Lightroom. Aperture. Lightroom. Aperture. Adobe and Apple’s competing professional photo organization and editing tools are locked in a two-year cycle, one-upping each other with tweaks designed to keep existing customers from flocking to the other side. Today’s release of Adobe Photoshop Lightroom 4 ($149) continues the ping pong match: in addition to adding a bunch of features Aperture users have been enjoying since Apple released version 3—or earlier—Adobe has cut the app’s price in half, and added a handy soft-proofing option to let you tweak output for your printer of choice without altering the color balance of your photos. For the time being, Adobe’s only offering it through its own web site, albeit with a free 30-day trial that lets you sample all of the features without restrictions.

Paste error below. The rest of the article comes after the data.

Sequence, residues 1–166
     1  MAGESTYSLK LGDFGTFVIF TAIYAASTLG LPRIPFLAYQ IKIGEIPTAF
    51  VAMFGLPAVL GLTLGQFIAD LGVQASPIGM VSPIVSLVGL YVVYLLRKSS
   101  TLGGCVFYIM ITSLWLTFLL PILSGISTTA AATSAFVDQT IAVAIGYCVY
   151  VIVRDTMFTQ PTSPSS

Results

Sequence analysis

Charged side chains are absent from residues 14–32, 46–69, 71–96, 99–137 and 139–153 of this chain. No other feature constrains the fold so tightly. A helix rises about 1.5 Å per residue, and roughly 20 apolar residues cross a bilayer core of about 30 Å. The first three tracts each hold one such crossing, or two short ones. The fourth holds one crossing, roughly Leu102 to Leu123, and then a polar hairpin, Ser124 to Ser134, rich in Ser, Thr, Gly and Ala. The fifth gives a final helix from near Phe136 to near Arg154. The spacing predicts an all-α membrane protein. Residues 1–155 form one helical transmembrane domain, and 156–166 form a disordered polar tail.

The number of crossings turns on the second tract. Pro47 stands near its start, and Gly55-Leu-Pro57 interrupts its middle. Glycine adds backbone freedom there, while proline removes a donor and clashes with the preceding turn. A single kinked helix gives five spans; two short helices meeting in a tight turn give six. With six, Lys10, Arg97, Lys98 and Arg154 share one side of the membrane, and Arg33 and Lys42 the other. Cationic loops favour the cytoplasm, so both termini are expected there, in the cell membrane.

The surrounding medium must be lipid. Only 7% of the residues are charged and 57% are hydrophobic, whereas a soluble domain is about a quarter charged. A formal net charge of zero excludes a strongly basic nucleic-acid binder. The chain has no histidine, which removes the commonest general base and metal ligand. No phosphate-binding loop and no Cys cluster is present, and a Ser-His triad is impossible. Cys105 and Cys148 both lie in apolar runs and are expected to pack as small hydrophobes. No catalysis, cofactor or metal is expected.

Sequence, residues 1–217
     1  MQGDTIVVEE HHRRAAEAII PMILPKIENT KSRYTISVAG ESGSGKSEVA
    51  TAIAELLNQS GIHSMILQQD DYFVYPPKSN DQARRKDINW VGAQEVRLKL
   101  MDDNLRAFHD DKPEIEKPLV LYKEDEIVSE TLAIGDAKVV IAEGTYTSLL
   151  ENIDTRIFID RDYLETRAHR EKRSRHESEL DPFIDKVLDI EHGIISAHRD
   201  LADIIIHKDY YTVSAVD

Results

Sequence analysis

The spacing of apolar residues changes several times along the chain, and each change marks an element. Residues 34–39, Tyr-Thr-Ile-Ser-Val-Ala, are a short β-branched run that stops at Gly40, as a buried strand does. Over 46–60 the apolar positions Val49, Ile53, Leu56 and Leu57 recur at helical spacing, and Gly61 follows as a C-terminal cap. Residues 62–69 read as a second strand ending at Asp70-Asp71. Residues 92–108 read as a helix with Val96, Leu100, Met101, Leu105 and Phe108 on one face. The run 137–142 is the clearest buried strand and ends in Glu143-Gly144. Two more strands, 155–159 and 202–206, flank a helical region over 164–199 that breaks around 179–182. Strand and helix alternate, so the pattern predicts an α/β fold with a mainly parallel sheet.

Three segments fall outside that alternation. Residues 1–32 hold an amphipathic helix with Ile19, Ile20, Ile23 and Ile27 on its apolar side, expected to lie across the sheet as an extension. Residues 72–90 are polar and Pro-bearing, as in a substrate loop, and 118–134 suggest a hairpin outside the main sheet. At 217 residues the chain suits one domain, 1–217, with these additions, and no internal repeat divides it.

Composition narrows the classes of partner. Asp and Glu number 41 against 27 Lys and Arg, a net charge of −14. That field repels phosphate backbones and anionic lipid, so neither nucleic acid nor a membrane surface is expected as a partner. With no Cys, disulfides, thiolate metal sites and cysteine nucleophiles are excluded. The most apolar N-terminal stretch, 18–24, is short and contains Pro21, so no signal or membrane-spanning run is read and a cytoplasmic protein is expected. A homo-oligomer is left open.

The marquee additions to Lightroom 4 are going to sound awfully familiar to Aperture fans: a new photo processing engine with highlight and shadow recovery sliders, location-based/GPS-assisted sorting of photos with a Google Maps searching interface, and creation of photo books from templates—interestingly, a promised 180 layouts, with book printing by Blurb. Most interesting is the new option to sell your self-made photo books through Blurb’s online store at a chosen profit level, an option that prosumer and professional photographers might enjoy at least experimenting with. Additional compelling additions include more narrowly-tailored white balance and color adjustments, improved noise reduction algorithms, and enhanced support for video files, though Lightroom remains primarily focused on still photos. While all of the improvements are certainly welcome, the ball’s obviously in Apple’s court at this point to really innovate with the next edition of Aperture, and hopefully more than just releasing an iPad-friendly version of the Mac app.